Kaffir Lime, now referred to as Makrut lime due to the previous name having racial connotations in South Africa, is close enough to Narthangai for the sake of making pickles. I will also use Makrut Lime in pickles in place of Kitarangai.
My Makrut lime tree is now bearing well enough to make a couple of types of pickles, and this first recipe is from Meenakshi Ammal in the first volume of her books Cook and See. It is a raw pickle (the lime is not cooked before making the pickle). The chopped limes are macerated in salt and turmeric powder for a day before more spices and sesame oil is added. It is a pickle that will keep for a long time.
Similar recipes include Green Mango Pickle, Green Apple Pickle, and Quince Aachar.
Browse all of our Indian Pickles. All of our Indian recipes are here, and our Indian Essentials are here. Or explore our Early Winter recipes.
Continue reading “Makrut (Kaffir) Lime Pickle with Oil | Narthangai Oorugai”
Here is another Mung Soup, one of the most grounding and nourishing soup there is. This recipe is based on one from the Ayurvedic guru, Vasant Lad. I saw him once in Coimbatore, working with his students and his techniques of deep readings the pulses. He certainly is an amazing teacher and practitioner.
He says that this soup is balancing for all doshas. It is cooling and energising. It is also very light on the digestion, and a couple of cups of this with rice and chapatis or with the main meal is beneficial.
Similar recipes include Mung Dal with Cumin and Spinach, Simple Mung Soup, and Mung Soup with Asparagus.
Browse all of our Mung Bean recipes and all of our Indian Soups. All of our Indian recipes are here, and our Indian Essentials are here. Or explore our Mid Summer recipes.
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Very occasionally I come across some fresh tamarind in our local Asian shops. Sometimes it is ripe, sweet ripe tamarind, dark and luscious to eat. But more often it is green, unripe tamarind. The green tamarind has the most intense sour taste that you can imagine. It is eaten as a snack in India with salt and chilli – a hard but padded surface next to you is essential, to bang your fist on when the tartness fully hits you 🤣.
I love to capture that tartness, or the essence of it, by making a Tamarind Molasses (aka Tamarind Syrup). While I make this most of all with the green Tamarind pods, the recipe can also be used for ripe pods.
If you wanted to you can even make this from a block of dried Tamarind or some Tamarind Concentrate. See the recipe notes. It won’t be AS good as using pods, but will still be amazing.
Similar Recipes include Pomegranate Molasses and Quince Molasses.
Browse all of our Tamarind dishes. Or browse our easy Early Winter recipes.
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There are two types of soups in India -those that are more like Western soups, full flavoured and hearty and eaten by the bowlful, and subtle, almost bland soups served in small amounts almost like a hot vegetable beverage or healthy shot of goodness. I am really interested in the latter, and they are still quite controversial. Although being around for at least 100 years, they are not common but also not rare. Being fairly regional, there are many who deny their existence. But there you go – even Meenakshi Ammal has soups in her classic Cook and See volumes.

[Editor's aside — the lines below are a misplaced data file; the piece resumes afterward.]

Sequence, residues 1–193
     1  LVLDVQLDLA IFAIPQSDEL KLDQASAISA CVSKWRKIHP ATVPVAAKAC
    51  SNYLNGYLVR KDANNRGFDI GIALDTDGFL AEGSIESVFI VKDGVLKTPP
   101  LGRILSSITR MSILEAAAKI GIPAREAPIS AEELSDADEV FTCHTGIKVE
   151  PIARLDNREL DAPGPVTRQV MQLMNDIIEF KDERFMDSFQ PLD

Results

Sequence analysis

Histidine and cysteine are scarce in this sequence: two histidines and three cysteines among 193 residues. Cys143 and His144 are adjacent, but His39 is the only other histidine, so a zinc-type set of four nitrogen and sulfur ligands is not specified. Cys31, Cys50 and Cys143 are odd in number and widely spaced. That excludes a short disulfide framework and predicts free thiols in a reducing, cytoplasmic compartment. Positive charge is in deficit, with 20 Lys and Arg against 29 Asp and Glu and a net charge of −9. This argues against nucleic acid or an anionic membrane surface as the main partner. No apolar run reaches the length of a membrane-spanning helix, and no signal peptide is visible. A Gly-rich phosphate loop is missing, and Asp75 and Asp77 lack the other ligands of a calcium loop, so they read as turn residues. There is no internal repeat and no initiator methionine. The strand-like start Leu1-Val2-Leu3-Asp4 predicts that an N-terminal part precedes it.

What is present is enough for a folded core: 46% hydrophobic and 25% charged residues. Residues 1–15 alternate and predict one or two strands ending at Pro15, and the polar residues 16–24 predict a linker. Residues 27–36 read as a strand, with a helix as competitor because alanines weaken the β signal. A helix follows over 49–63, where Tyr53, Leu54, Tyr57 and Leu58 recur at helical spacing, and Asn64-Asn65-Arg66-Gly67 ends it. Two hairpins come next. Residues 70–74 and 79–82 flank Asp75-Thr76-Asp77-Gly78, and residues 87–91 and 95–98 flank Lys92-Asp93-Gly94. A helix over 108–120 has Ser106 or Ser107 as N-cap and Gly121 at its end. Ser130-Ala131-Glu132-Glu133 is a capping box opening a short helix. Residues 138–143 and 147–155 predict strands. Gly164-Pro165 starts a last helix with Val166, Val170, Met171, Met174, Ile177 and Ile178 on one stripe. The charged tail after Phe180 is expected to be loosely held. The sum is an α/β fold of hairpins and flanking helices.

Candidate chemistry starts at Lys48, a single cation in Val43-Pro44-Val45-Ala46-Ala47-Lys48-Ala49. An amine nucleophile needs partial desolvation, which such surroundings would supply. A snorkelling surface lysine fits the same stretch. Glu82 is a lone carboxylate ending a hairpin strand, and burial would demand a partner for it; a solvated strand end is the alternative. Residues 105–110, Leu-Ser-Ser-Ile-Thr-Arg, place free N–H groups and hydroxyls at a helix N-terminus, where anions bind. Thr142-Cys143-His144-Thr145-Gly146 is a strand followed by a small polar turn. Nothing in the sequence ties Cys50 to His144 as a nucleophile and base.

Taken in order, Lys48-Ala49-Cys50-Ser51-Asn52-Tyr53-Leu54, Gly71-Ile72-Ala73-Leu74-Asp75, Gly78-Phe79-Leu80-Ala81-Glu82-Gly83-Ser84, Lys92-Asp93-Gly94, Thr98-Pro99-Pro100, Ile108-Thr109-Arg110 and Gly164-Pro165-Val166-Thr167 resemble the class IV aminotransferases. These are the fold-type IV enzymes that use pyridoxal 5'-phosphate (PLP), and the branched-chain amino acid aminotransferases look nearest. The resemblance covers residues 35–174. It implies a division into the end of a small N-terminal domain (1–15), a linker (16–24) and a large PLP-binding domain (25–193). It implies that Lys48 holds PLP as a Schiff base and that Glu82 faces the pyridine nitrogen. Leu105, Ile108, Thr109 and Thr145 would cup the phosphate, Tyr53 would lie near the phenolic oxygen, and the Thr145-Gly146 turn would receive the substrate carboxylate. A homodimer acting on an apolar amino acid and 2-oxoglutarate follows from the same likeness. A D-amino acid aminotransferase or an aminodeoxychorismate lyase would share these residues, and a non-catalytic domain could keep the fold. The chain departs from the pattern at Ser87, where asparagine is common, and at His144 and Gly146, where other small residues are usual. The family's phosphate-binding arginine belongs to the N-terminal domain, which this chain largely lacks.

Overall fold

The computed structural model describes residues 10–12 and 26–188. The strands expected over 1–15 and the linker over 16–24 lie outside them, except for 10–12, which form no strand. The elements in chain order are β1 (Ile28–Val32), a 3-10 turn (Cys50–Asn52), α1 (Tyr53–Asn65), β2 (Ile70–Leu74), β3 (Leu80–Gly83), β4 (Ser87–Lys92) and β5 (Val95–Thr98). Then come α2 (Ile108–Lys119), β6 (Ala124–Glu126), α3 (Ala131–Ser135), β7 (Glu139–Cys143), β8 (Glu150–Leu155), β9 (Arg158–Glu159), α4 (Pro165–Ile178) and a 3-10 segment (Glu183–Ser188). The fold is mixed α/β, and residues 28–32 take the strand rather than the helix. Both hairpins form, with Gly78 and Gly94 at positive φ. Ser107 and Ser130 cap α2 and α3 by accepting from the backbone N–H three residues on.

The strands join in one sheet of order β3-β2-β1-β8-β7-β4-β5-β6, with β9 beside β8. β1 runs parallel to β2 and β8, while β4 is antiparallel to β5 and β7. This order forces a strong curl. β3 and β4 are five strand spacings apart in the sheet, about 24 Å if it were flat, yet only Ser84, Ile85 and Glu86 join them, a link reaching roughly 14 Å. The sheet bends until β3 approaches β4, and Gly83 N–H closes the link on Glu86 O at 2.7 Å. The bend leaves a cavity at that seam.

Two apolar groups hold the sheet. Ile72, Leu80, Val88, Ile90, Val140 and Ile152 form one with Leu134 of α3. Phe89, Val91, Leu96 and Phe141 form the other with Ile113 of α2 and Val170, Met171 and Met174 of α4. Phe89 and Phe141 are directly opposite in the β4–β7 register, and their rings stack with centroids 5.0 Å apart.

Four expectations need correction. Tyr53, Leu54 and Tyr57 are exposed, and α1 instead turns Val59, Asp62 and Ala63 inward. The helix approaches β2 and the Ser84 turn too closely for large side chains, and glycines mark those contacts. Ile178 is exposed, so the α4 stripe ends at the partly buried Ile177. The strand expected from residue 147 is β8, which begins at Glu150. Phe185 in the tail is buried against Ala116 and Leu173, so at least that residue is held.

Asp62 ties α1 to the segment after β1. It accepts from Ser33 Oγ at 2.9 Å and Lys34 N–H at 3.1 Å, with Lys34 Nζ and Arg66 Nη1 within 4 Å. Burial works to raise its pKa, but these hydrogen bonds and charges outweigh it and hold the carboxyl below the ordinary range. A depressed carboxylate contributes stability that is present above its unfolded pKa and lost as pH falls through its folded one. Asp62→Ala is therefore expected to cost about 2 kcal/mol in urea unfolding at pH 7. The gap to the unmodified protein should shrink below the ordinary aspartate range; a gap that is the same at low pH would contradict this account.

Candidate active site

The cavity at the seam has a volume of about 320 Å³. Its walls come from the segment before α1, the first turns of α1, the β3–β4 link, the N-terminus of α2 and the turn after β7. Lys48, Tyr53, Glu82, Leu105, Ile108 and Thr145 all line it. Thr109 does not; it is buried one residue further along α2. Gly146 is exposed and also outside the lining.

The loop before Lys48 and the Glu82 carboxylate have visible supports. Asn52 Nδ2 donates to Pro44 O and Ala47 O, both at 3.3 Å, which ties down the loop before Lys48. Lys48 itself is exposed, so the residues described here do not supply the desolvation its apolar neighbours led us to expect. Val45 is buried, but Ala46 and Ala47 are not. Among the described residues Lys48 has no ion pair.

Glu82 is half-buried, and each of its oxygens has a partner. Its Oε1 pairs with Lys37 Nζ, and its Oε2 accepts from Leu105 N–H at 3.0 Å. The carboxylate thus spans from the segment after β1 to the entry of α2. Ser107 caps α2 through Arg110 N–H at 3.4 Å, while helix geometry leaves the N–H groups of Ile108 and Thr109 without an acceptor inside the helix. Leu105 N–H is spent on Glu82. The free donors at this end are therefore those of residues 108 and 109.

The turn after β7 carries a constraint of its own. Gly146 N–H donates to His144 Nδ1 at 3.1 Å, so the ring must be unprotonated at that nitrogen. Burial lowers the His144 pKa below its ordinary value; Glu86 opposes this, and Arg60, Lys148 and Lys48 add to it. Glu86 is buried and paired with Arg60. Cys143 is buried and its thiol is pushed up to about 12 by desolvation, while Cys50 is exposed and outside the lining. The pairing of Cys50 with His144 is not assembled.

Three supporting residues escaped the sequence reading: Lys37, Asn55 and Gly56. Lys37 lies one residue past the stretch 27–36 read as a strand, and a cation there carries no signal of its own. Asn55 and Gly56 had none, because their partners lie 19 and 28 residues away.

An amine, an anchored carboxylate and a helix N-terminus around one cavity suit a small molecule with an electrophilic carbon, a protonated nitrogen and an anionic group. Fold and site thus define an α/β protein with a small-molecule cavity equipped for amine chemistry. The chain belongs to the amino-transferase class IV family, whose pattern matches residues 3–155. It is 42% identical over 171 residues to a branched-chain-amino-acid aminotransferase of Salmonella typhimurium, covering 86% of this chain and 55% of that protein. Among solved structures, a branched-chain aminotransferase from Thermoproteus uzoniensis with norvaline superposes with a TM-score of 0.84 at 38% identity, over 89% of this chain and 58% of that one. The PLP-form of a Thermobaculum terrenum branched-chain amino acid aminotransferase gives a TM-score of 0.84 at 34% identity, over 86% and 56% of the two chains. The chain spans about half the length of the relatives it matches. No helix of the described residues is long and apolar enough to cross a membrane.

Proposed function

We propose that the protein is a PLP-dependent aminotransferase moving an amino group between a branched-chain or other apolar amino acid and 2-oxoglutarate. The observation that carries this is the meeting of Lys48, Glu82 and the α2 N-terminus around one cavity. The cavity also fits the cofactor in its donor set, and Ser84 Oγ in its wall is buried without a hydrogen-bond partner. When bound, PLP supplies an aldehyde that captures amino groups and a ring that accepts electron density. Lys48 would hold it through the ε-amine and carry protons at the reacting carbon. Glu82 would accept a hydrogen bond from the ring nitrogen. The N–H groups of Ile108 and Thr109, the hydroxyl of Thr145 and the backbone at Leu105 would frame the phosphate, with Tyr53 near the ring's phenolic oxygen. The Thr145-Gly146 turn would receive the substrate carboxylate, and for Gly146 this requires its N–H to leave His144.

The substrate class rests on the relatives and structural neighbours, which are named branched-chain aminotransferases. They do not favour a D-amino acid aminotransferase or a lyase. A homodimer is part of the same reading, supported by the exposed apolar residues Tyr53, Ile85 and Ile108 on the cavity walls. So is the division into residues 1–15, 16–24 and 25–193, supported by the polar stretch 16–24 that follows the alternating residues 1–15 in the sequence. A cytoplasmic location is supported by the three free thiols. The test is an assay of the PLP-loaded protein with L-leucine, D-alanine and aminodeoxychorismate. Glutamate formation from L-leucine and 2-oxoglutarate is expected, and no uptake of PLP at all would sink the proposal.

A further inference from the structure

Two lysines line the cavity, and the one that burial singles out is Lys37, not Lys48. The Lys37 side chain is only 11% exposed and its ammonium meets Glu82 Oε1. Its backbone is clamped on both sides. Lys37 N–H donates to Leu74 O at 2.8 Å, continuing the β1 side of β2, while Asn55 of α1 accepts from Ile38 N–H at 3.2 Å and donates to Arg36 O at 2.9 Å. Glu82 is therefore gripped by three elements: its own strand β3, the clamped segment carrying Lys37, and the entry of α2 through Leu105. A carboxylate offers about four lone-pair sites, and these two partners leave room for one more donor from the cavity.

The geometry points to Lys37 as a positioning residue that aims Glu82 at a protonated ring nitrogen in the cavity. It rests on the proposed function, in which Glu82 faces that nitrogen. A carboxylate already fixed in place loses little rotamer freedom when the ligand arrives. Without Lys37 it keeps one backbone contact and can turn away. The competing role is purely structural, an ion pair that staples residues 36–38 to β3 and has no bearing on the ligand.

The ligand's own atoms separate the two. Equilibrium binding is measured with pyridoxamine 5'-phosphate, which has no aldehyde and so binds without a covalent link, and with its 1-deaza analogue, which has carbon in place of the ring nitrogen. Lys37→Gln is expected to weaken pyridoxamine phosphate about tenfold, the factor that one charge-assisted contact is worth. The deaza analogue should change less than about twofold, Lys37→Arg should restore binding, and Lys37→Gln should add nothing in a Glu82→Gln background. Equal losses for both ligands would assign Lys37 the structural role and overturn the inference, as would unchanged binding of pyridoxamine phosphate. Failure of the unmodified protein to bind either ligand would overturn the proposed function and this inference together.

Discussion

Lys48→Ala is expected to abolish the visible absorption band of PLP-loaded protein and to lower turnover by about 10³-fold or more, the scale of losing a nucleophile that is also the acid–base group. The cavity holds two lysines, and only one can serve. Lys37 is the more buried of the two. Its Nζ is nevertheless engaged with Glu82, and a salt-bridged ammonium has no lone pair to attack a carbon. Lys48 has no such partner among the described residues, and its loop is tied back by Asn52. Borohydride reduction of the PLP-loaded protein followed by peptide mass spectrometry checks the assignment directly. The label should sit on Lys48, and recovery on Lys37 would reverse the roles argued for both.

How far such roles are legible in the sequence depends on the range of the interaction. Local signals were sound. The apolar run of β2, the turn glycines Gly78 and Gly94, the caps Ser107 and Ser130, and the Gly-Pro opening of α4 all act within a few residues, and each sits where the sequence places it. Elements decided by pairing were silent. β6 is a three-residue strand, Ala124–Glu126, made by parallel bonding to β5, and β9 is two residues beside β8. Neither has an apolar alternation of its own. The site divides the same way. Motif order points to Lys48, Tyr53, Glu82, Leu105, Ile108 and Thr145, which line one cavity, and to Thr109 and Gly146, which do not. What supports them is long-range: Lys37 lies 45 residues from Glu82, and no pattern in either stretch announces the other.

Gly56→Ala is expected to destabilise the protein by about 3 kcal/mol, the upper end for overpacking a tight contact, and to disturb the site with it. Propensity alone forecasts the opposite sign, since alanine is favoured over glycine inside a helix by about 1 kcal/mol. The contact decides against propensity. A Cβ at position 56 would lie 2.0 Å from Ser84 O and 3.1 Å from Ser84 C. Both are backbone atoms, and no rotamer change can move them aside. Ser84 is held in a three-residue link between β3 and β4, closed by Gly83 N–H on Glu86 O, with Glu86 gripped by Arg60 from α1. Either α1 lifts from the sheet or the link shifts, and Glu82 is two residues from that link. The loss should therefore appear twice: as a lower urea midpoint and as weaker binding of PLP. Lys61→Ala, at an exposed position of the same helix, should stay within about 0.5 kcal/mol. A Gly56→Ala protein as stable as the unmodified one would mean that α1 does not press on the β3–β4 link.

So I collect a range of them – they are delicious even though they are relatively bland (ie unspiced) compared to other Indian food, although they are still full of flavour. Subtle. Well cooked. Healthy. (I sip and sip them.) Reading the very simple recipes for these soups, I think “no way will this work” but the results are always wonderful.
This one is interesting in that it is based on a “white sauce” – not the western flour-roux sauce, but a puree of potato, cabbage, onion and white pumpkin or yam. On this is layered corn kernels. It is flavoured with only salt and pepper! A real shot of vegetable goodness without the distraction of spices. The base is one that you could use for different soup varieties. The sweet crunch of the corn against this base is delightful.
Similar recipes include Indo Chinese Sweetcorn Soup, Baby Sweetcorn Soup, and Roasted Tomato and Sweetcorn Soup.
Browse all of our Indian Soups, and our Sweetcorn Soups. All of our Indian recipes are here, and our Indian Essentials are here. Or explore our Early Winter recipes.
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Amaranth Leaves are the leaves of the varieties of edible amaranth plants. They are very easy to grow, and come up year after year, so keen gardeners are never without this vegetable in their gardens. The leaves can vary from green to red, and you will often see bunches in Asian green groceries.
I cook them in Indian dishes, as the leaves are quite common in India so there is a great variety of recipes. However, Amaranth varieties are used in Asian cooking too. Known as Chinese Sinach or Een choi, it is often sold as whole plants with roots. It is exceptionally high in protein.
You can also browse these (and any new recipes) here. And check out our 100 Vegetable Series.
Continue reading “100 Vegetables: #1 Amaranth Leaves”